North Korea attempted to put a military reconnaissance satellite into orbit on Thursday morning but failed, according to the state-run Korean Central News Agency (KCNA). It was the second failed attempt in three months. According to KCNA, North Korea will make a third try in October.
KCNA reported that the reconnaissance satellite, named Malligyong-1, was launched from the Sohae Satellite Launching Ground, which is located in Cholsan County of North Pyongan Province, aboard the Chollima-1 rocket at dawn on August 24.
This launch site has been used in the past for both missile and rocket launches. (A missile launch and a satellite launch use similar technology.)
“The flights of the first and second stages of the rocket were normal, but the launch failed due to an error in the emergency blasting system during the third-stage flight,” KCNA reported.
It added that “the cause of the relevant accident is not a big problem in aspect of the reliability of cascade engines and the system.”
“The NADA said that it would make clear in a short span of time the reason why the emergency blasting system was operated abnormally,” KCNA announcement said, referring to the country’s official space agency, the National Aerospace Development Administration.
The space agency will conduct a third launch “in October after thoroughly probing the reason and taking measures,” it added.
On May 31, North Korea made its first attempt to launch the reconnaissance satellite with the same name of Malligyong-1, which resulted in failure.
Rocket experts have interpreted Pyongyang’s statement to mean that there was an “accidental activation of the self-destruct system” in the third stage.
“The ‘emergency blasting system’ sounds somewhat weird in my ears,” Markus Schiller, a space technology analyst and CEO of ST Analytics in Munich, Germany, told The Diplomat on August 24.
“It seems reasonable to assume that they actually are referring to the self-destruct system,” he said.
There is another big question mark over the North’s statement. Pyongyang said the flights of the first and second stages of the rocket were normal, but the Japanese Ministry of Defense (MoD) released an analysis of the launch on August 24 stating that the rocket stages actually landed close to but outside all three areas that North Korea had identified in advance as drop zones for rocket stages and other residual rocket components.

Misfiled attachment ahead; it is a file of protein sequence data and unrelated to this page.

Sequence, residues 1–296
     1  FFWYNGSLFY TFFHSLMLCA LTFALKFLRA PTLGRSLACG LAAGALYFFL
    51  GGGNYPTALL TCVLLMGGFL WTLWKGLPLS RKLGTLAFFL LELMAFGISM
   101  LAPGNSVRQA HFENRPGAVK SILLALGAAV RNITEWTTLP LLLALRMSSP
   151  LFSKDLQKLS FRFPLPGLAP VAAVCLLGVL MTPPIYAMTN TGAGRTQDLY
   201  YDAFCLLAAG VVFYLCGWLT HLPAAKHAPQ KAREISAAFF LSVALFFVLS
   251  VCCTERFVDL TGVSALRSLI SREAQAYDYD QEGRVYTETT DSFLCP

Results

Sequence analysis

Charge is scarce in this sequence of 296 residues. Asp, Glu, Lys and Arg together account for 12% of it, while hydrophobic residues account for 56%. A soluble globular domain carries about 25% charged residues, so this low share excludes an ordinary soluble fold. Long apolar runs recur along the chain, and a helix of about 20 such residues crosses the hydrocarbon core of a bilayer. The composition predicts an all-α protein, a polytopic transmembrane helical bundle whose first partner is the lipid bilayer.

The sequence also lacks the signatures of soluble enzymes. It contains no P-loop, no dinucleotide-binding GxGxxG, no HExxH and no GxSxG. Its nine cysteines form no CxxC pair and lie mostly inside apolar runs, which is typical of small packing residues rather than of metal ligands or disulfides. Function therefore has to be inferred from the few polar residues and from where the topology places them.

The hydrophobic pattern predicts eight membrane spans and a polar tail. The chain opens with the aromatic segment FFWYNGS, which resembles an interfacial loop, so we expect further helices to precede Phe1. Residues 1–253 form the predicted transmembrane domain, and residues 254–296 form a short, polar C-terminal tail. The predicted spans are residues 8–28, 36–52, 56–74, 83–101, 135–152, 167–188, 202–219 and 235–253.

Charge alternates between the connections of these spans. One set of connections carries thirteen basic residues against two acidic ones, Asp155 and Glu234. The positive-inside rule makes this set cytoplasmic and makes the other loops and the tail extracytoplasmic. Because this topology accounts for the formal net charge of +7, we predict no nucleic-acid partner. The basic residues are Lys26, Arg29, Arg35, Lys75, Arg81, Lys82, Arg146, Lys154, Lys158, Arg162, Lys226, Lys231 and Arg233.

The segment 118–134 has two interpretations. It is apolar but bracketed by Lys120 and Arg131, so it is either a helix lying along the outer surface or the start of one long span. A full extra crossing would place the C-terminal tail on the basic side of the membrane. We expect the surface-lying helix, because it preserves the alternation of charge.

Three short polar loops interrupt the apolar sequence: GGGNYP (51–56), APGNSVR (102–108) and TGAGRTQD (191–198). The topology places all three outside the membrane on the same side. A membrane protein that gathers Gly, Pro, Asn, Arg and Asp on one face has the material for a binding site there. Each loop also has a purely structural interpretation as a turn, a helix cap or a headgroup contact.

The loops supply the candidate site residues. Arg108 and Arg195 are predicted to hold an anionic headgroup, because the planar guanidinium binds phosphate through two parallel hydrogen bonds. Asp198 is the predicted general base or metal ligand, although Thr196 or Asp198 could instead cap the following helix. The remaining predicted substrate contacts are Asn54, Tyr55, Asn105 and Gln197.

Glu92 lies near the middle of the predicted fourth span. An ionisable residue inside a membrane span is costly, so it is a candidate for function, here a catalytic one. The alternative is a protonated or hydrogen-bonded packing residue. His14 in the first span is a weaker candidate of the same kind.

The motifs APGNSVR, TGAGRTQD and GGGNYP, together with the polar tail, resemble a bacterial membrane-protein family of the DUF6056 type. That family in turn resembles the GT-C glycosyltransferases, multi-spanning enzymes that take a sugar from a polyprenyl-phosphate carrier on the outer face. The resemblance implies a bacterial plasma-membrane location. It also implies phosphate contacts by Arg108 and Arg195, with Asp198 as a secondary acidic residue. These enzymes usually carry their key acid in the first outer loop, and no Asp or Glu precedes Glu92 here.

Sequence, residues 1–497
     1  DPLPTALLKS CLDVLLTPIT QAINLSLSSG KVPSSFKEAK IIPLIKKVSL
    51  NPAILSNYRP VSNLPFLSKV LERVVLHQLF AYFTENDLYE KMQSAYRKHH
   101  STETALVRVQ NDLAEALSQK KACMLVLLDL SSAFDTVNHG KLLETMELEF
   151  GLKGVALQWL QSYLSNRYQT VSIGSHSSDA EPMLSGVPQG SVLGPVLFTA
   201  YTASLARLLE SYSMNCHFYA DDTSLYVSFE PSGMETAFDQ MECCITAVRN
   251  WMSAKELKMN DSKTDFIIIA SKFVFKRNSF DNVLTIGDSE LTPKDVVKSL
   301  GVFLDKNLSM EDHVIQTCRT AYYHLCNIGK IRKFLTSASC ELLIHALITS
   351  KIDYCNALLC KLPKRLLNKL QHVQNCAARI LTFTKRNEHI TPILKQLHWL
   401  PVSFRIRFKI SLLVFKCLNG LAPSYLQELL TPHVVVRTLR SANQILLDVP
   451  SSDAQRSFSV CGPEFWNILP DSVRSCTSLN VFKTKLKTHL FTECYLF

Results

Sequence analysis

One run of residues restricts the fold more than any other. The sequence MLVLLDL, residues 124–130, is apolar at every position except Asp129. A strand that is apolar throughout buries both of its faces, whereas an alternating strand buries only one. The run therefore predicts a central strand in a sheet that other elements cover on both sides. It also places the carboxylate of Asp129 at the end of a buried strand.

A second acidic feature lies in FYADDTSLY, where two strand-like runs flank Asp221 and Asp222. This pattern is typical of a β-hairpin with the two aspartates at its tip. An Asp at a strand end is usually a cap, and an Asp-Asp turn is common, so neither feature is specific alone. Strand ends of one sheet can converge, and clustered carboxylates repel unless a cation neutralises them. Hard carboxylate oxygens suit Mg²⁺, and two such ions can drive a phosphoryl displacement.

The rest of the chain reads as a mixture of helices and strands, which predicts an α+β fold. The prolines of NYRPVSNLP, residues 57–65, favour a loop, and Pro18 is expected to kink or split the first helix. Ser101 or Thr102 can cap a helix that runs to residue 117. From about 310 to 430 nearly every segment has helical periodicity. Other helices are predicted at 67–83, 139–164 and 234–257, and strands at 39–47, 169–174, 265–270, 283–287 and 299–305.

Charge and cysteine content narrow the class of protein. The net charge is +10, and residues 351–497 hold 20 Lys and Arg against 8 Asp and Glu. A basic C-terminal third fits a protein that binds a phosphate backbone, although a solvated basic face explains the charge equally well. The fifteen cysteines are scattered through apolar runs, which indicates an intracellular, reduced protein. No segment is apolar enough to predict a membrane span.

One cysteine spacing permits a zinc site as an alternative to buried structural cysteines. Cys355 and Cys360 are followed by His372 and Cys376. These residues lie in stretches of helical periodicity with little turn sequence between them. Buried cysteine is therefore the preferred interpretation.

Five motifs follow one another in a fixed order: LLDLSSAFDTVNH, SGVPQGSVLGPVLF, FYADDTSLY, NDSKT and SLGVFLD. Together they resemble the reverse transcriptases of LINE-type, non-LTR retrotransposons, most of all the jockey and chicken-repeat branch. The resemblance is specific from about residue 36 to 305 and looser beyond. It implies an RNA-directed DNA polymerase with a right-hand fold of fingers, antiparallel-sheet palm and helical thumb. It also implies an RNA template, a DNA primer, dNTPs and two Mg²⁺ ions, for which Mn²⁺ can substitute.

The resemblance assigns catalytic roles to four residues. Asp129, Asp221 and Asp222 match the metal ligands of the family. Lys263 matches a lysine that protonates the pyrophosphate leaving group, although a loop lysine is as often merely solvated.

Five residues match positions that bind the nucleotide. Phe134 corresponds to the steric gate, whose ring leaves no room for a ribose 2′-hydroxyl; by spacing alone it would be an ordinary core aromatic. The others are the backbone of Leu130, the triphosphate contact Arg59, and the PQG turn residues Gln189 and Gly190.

“According to a graphic released by the Japanese MoD, the first stage and the shroud were overshooting their drop zones a little, while the second stage fell down more than 100 km short and west of the announced drop zone,” Schiller pointed out.
“This is too much to blame on crosswinds, I think, and it could either mean that the trajectory was a little off, or that the engines were not functioning as they should,” he said.
Schiller specifically pointed out one possible scenario: The first stage may have flown on a slightly lower angle than originally intended, and the second stage may have continued down that lower trajectory. Even if the second stage made a slight left turn at the correct time, its position would have shifted west due to the lower trajectory.
“All this could have occurred by minor deviations from the intended trajectory, but those could have proven fatal. Indeed, this might have triggered the self-destruction of the third stage at some point,” Schiller said.
Meanwhile, Tada Sho, a rocket expert and an associate professor of the High Energy Accelerator Research Organization in Tsukuba City in Japan, pointed out the designated drop zones for the detached rocket (essentially, an empty tank) are not the result of precision guidance. Detachment of each stage is essentially the process of separating and throwing away unnecessary things, and there is not a guidance system for these falling objects.
“So there is no problem even if it is slightly different than the expected point,” Tada said.
“If North Korea’s announcement is true, the previous launch had a problem with the second stage, but this time there was a problem with the third stage, so I think they are making progress,” he added.
One of the notable outcomes originating from North Korea’s failed second military satellite launch is that this brought about the first test case of the trilateral agreement reached by Japanese Prime Minister Kishida Fumio, South Korean President Yoon Suk-yeol and U.S. President Joe Biden at Camp David on August 18.
South Korea’s president ordered officials to share information on the North Korean satellite launch with Tokyo and Washington, following through on the trilateral pact and representing a recent thawing of ties between the two Northeast nations.